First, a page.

There is debate world-wide over urbanization, structured planning, deforestation and land management; these issues are no less important in Saudi Arabia.
State tenure of traditionally protected lands in Saudi Arabia has created gaps in the protection of the ecosystem and control of urbanization that indigenous peoples can fill. The present situation has emerged since 1932 when local control of resources was lost in the drive to unify the Kingdom politically. An alternative to the practised system of land management and planning is proposed. The alternative is that which recognizes indigenous people as potential stewards of the vernacular landscape and it may play a leading role in the conservation and management of the highlands of the south-western region of Saudi Arabia.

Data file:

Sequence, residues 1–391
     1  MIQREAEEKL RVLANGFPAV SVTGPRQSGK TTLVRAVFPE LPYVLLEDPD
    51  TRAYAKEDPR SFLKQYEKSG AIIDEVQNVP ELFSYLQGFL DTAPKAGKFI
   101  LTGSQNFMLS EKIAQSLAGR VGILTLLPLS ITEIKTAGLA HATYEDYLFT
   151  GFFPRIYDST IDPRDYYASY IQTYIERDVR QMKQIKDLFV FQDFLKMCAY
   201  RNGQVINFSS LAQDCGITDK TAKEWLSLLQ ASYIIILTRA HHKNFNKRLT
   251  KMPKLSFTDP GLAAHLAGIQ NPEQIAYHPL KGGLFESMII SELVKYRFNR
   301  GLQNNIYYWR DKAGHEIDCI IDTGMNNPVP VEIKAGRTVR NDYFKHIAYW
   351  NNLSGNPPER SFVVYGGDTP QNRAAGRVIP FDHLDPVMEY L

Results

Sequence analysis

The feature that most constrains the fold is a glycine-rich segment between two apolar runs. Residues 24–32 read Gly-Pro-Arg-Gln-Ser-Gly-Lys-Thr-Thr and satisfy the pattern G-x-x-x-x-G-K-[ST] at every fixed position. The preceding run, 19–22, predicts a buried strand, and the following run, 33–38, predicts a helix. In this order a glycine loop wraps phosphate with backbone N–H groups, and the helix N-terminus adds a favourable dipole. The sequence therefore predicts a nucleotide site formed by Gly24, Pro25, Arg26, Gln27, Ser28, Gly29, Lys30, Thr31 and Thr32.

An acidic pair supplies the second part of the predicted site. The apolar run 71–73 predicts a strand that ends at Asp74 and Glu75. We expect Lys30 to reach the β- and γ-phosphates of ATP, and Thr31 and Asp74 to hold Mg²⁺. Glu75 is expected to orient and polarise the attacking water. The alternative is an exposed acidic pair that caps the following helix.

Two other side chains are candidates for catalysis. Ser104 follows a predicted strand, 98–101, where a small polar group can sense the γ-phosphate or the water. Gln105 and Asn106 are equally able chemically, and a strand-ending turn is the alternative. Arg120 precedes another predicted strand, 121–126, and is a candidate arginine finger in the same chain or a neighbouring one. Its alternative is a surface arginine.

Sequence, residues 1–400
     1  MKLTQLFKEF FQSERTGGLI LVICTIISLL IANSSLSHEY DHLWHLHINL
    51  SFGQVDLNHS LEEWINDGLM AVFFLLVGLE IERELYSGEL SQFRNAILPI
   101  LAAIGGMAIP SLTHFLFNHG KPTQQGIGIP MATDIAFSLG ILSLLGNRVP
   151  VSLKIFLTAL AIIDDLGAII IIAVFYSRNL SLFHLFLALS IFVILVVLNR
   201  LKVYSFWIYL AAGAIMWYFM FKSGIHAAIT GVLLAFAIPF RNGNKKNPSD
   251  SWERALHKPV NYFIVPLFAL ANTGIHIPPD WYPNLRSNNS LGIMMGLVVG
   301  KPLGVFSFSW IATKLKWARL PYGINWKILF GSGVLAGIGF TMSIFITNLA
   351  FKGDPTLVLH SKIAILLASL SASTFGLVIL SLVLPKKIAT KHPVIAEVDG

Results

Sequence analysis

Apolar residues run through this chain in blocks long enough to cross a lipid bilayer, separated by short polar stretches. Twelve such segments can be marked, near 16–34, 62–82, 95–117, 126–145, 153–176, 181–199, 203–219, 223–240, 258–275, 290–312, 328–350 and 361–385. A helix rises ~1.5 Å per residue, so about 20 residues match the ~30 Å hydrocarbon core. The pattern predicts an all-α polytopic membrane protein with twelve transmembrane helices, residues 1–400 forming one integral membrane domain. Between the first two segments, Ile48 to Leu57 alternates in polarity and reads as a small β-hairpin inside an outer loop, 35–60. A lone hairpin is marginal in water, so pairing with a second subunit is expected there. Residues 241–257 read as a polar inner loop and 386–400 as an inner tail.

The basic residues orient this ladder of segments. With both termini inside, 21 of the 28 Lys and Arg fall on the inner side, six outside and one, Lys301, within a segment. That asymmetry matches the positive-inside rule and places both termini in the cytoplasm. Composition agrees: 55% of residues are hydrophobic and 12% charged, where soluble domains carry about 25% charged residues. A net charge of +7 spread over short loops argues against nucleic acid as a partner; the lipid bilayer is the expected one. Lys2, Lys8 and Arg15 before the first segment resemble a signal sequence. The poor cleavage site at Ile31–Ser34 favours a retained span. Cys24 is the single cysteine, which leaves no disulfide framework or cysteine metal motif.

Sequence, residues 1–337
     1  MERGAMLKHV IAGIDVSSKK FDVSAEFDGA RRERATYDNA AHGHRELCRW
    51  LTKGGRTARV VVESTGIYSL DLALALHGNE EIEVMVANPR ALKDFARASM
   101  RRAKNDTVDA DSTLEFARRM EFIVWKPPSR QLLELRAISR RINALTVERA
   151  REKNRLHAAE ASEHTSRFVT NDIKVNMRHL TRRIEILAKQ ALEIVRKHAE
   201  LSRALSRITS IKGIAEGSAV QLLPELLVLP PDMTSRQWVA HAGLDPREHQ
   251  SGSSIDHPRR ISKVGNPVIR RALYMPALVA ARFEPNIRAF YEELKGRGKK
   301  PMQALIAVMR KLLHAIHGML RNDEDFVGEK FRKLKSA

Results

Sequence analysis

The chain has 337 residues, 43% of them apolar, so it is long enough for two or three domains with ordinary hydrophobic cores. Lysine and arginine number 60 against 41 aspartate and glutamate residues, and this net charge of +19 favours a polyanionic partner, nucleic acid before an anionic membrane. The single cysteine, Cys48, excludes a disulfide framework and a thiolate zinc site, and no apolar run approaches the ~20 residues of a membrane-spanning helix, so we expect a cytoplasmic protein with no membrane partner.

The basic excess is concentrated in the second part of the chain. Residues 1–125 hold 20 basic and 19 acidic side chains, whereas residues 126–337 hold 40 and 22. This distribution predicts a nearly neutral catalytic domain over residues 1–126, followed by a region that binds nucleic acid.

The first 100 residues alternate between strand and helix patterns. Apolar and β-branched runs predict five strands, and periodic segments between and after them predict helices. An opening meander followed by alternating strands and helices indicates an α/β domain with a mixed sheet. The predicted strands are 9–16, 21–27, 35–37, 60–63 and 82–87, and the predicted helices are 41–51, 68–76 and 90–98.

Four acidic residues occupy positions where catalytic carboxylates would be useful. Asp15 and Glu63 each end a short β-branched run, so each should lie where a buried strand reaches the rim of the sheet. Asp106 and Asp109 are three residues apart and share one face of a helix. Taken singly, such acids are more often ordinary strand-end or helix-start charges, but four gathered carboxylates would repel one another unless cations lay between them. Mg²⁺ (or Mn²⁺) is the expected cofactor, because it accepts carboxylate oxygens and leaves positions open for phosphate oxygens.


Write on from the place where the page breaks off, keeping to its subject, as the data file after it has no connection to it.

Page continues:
To strengthen the 1993 Law of Regions which aimed at improving the standard of administrative work and development in the Kingdom will require the establishment of a new relationship between indigenous people, scientists and national governmental organizations. In this, indigenous peoples should have juridical recognition and control over large areas of forests around their settlements in exchange for a commitment to conserve the ecosystem and protect biodiversity. In essence, such an outcome may offer the integration of two knowledge systems into an innovative resource-management strategy and land-conservation plans.